Not everyone forgot about it, however. Agenda 21 remained front and center for a subset of right-wing conservatives who warned that it was a harbinger of a looming new world order that would culminate with the seizure of land and guns, and an end to the American way of life. If that last part sounds like the plot of a dystopian novel written by Glenn Beck, well, that’s because it is. But what began as a far-fetched conspiracy theory has since transformed into an effective, almost methodical movement to block the type of “livability” initiatives that President Obama and his allies have made a priority. If you look past the black helicopters in the anti-Agenda 21 origin story, you’ll find a series of smart-growth-blocking victories at the state and local levels in nearly every corner of the country…’
‘Diplomats say Russia has refused to allow the U.S. television series “House of Cards” to film in the United Nations Security Council chamber.
The show’s producers approached the United Nations, and the 15 council members were asked whether they would allow the use of the chamber when the council wasn’t in session, but Russia said “no,” the diplomats said. They spoke on condition of anonymity because the discussions were private.’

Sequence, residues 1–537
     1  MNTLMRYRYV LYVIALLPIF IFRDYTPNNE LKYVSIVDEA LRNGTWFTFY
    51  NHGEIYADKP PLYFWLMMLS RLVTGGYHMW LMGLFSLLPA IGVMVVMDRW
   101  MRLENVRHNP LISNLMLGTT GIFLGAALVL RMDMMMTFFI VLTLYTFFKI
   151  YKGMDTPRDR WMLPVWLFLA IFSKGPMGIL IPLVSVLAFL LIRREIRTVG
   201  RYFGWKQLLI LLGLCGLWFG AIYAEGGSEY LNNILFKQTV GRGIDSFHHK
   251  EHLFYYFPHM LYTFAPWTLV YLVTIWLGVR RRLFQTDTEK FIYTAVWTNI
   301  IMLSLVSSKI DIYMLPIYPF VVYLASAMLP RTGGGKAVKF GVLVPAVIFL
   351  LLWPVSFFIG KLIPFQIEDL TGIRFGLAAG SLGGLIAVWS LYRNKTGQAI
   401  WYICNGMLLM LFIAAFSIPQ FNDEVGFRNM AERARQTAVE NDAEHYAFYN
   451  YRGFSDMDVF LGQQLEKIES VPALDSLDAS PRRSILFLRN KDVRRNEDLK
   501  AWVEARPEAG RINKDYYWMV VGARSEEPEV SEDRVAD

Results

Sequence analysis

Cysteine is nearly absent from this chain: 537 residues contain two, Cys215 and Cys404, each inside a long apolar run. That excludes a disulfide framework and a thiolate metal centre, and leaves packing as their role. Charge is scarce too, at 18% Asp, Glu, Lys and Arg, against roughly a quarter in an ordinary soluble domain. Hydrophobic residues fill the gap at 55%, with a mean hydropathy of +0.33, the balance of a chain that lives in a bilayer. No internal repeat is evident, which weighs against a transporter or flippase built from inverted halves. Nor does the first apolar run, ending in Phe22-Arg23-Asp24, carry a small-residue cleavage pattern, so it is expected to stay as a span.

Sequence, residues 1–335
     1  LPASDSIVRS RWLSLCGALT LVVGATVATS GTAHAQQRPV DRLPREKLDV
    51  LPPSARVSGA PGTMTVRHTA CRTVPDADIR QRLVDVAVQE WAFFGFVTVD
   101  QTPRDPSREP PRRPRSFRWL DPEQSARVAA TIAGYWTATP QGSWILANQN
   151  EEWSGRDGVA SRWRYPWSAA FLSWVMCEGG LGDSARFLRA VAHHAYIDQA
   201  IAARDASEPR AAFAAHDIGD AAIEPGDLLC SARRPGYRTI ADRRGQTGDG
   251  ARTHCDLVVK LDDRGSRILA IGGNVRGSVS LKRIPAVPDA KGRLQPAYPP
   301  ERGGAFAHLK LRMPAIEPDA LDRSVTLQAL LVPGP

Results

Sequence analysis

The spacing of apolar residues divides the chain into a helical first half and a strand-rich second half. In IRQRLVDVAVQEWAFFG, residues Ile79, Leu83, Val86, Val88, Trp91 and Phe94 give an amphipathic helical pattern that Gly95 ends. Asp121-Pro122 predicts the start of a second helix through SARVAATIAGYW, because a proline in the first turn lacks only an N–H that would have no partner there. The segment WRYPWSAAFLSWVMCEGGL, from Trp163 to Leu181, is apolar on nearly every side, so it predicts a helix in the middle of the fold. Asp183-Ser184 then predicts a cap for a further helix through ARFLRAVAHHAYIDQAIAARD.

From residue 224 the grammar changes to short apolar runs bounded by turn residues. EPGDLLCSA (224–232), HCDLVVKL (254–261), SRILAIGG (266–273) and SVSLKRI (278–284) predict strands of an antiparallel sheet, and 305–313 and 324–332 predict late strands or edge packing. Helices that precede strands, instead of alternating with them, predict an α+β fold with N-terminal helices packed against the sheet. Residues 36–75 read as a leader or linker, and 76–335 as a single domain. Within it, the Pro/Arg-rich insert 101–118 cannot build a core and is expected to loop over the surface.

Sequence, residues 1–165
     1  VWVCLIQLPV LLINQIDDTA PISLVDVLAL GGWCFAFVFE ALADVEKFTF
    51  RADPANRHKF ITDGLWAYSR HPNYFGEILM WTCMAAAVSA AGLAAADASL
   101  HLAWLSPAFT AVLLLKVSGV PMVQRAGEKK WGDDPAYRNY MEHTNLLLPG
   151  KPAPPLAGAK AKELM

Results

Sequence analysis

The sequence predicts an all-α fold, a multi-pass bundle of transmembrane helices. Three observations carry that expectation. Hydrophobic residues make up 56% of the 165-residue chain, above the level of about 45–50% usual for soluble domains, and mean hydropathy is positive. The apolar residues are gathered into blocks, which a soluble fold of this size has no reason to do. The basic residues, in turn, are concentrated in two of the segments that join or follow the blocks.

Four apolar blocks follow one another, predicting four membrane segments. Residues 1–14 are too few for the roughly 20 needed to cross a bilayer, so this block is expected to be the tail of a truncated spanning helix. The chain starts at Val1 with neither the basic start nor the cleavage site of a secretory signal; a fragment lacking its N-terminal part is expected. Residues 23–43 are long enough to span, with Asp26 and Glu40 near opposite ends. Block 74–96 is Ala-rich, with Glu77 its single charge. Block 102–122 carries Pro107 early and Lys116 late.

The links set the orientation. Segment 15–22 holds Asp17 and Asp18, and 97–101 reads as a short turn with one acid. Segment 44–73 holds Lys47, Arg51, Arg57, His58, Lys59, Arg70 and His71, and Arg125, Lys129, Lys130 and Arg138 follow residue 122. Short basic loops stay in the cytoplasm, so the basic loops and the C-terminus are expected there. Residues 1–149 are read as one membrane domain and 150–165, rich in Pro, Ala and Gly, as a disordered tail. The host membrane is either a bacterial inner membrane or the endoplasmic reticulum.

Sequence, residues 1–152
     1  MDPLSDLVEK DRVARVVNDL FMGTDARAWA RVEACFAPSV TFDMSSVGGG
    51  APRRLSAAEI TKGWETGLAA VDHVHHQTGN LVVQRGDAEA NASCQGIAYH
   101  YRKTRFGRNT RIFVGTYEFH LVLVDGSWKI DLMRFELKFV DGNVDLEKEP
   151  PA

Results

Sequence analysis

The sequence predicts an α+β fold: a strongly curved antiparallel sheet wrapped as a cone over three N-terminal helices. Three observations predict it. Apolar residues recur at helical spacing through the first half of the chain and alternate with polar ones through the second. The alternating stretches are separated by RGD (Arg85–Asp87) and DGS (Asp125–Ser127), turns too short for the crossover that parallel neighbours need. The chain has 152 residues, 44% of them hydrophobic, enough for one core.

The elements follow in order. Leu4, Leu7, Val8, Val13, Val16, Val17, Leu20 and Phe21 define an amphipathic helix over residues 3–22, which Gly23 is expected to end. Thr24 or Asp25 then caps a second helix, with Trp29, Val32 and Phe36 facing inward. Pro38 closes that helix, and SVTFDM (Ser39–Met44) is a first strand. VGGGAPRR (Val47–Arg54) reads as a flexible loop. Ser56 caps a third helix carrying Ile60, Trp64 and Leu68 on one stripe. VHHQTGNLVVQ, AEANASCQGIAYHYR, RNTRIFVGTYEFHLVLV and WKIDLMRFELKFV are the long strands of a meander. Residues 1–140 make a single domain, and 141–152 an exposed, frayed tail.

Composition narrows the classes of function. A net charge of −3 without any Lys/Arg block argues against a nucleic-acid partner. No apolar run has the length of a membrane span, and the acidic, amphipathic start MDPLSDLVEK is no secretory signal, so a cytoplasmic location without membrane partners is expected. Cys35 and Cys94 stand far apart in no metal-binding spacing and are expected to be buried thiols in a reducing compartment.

‘The UN’s Human Rights Council (HRC) has set up a commission of inquiry into Eritrea, seen as one of the world’s most repressive states. The three-member panel will report back in one year. In a statement, the HRC condemned “widespread and systematic” human rights violations, including torture and other cruel punishments. Eritrea rejected the resolution.
Human rights groups have previously called the country a “giant prison”. Amnesty International last year said some 10,000 Eritreans had been imprisoned for political reasons since independence from Ethiopia in 1993. This was denied by the government.’
- Eritrea’s military is trafficking the nation’s children, report says
- Eritrea: ‘10,000 Political Prisoners in Awful Conditions’
- Eritrean Troops Mobilise Against Apparent Coup Attempt
- Dissident Eritrean Troops Demand Release of Political Prisoners
- UN Rights Chief Accuses Eritrea of Torture, Killings
- Eritrea Denies Rumors Its President Is Dead
‘A United Nations’ committee approved a new resolution calling on the UK and Argentina to negotiate a solution to their dispute over the Falkland Islands, essentially favouring Argentina’s stance in the long-running feud. The 24-nation Decolonization Committee passed the resolution by consensus despite passionate speeches from two Falkland Islands representatives who said most islanders wanted to keep things as they are.